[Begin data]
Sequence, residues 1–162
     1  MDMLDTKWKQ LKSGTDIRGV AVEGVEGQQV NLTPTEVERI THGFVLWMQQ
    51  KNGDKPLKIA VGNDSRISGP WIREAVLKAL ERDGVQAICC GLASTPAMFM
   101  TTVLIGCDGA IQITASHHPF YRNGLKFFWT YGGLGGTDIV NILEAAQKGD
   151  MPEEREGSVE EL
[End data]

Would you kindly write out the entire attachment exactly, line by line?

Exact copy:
Sequence, residues 1–162
     1  MDMLDTKWKQ LKSGTDIRGV AVEGVEGQQV NLTPTEVERI THGFVLWMQQ
    51  KNGDKPLKIA VGNDSRISGP WIREAVLKAL ERDGVQAICC GLASTPAMFM
   101  TTVLIGCDGA IQITASHHPF YRNGLKFFWT YGGLGGTDIV NILEAAQKGD
   151  MPEEREGSVE EL